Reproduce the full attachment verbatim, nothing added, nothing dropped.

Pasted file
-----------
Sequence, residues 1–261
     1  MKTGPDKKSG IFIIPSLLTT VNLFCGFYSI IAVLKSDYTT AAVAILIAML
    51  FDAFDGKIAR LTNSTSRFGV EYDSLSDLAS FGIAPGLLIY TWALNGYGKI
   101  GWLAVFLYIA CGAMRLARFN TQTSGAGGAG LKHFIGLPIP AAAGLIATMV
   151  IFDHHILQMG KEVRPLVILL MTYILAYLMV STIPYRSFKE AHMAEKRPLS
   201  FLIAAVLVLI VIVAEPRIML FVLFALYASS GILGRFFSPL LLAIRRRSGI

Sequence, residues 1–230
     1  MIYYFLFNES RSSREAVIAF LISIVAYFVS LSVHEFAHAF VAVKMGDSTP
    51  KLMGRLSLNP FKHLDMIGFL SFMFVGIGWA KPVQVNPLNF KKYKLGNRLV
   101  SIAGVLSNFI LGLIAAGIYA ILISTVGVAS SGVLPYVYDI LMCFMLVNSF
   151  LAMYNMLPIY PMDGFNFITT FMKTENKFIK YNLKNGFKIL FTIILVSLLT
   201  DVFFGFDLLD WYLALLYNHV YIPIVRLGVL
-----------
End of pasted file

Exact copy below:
Sequence, residues 1–261
     1  MKTGPDKKSG IFIIPSLLTT VNLFCGFYSI IAVLKSDYTT AAVAILIAML
    51  FDAFDGKIAR LTNSTSRFGV EYDSLSDLAS FGIAPGLLIY TWALNGYGKI
   101  GWLAVFLYIA CGAMRLARFN TQTSGAGGAG LKHFIGLPIP AAAGLIATMV
   151  IFDHHILQMG KEVRPLVILL MTYILAYLMV STIPYRSFKE AHMAEKRPLS
   201  FLIAAVLVLI VIVAEPRIML FVLFALYASS GILGRFFSPL LLAIRRRSGI

Sequence, residues 1–230
     1  MIYYFLFNES RSSREAVIAF LISIVAYFVS LSVHEFAHAF VAVKMGDSTP
    51  KLMGRLSLNP FKHLDMIGFL SFMFVGIGWA KPVQVNPLNF KKYKLGNRLV
   101  SIAGVLSNFI LGLIAAGIYA ILISTVGVAS SGVLPYVYDI LMCFMLVNSF
   151  LAMYNMLPIY PMDGFNFITT FMKTENKFIK YNLKNGFKIL FTIILVSLLT
   201  DVFFGFDLLD WYLALLYNHV YIPIVRLGVL